The Christmas season in northern climates brings with it sparkling decorations, twinkling lights, festive trees, crackling fires and sometimes even snow. Of course, Christmas in the Cayman Islands has quite a different feel to it than what you might see in the movies,
These days, Christmas trees of pine, fir and spruce are sold on Grand Cayman, but before the island imported these species, there was a different kind of tree used for the holiday: the Sisal tree. The Sisal tree comes from the Sisal Agave — Agave sisilana. It only slightly resembles the shape of a tree, but with the same desirable qualities: durability, strength to hold ornaments and very low maintenance.
Like all Agave, the Sisal is monocarpic, meaning it flowers only once before it dies. The flowers form bulbils which are used to propagate new plants, and the stalk that is left behind is very durable for a period of time before it eventually succumbs to rot and deterioration. The photo above, taken on the roundabout near the Cayman Islands Yacht Club in November, shows the Sisal flowering.
Years ago, people in the Cayman Islands would cut the stalk and use it as a Christmas tree adorned with hand-crafted decorations made from various plants and other collectible items. The trees were kept inside or outside and displayed for the duration of the holidays, then in true sustainable fashion, given back to the earth from which they came.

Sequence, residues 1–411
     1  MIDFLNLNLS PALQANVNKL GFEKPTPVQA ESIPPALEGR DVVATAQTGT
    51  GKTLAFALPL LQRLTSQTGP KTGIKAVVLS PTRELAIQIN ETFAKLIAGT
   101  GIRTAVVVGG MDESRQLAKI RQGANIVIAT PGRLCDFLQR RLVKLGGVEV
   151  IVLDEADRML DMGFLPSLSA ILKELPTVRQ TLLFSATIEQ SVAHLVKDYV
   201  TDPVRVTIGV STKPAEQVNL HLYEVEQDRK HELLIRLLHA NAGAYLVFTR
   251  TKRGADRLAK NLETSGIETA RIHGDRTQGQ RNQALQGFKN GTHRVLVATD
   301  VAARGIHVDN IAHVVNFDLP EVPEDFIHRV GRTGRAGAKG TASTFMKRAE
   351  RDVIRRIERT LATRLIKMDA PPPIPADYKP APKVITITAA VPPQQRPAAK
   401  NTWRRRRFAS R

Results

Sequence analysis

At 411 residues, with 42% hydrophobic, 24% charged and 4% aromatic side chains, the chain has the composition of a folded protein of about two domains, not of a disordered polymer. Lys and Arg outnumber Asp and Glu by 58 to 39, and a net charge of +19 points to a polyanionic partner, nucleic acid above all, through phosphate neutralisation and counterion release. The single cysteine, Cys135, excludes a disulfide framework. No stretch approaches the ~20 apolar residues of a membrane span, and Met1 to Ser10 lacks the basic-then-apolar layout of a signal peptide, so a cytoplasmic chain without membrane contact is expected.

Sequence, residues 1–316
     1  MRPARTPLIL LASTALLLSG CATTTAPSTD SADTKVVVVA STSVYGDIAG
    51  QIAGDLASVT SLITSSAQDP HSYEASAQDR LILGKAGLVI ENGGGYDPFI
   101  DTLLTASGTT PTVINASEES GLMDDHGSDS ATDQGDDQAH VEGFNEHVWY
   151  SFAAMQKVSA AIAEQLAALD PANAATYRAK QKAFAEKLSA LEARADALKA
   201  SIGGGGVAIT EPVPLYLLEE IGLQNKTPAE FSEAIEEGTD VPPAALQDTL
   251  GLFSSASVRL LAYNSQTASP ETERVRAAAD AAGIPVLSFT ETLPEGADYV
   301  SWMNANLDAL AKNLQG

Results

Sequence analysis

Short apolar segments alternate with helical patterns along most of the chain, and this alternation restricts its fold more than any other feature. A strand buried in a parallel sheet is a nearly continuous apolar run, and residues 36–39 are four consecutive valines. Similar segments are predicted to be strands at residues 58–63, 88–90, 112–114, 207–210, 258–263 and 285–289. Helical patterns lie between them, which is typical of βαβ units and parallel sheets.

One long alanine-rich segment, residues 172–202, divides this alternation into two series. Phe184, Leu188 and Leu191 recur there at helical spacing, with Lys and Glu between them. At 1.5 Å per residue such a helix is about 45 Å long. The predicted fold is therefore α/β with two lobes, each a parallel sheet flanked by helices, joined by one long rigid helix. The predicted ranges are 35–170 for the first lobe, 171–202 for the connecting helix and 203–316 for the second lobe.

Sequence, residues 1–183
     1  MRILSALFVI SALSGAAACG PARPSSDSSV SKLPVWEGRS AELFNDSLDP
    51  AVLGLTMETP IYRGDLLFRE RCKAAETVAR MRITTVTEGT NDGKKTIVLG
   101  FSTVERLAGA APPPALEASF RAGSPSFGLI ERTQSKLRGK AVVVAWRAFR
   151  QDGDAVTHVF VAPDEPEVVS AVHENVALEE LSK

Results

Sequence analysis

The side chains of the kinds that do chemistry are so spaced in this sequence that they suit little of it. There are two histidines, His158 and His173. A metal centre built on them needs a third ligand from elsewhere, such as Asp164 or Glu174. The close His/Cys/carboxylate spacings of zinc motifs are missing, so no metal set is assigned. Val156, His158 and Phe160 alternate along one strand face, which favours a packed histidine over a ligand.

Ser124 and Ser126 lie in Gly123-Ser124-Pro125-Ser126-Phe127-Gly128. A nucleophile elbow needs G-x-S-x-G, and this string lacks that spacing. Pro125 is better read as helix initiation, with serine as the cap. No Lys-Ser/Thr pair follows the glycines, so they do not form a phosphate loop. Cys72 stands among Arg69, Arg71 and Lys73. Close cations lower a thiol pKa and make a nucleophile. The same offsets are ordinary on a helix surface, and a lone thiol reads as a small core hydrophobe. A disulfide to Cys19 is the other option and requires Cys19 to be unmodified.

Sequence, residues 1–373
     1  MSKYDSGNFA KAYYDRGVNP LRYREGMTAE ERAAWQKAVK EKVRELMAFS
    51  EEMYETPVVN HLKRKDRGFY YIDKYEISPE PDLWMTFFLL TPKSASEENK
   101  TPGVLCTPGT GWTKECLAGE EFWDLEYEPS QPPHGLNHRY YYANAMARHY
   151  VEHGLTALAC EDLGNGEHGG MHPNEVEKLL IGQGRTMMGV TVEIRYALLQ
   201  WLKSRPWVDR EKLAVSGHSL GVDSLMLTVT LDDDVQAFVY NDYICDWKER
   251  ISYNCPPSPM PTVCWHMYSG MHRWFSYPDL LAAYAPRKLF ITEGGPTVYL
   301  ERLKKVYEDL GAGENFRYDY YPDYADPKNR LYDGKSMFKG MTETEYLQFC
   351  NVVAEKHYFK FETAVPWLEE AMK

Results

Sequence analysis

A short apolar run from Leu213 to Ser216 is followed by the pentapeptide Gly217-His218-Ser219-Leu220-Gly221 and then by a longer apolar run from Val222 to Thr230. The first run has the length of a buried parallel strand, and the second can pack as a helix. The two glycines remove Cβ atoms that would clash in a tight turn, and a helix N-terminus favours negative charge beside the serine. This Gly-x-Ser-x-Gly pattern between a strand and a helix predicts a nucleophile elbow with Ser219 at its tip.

Agave sisilana is originally native to Southern Mexico but is now widely cultivated and naturalised across many regions of the world. It can handle colder temperatures, but is usually seen growing in the wild or used in the landscape due to its tolerance for salt, poor soils and extremely low maintenance. Sisal Agave is more commonly known for the use of its durable fibers found in the leaves, which are used to make twine or rope. It is fairly sturdy and salt resistant, but not as much as thatch rope from our endemic Coccothrinax or Thatch Palm.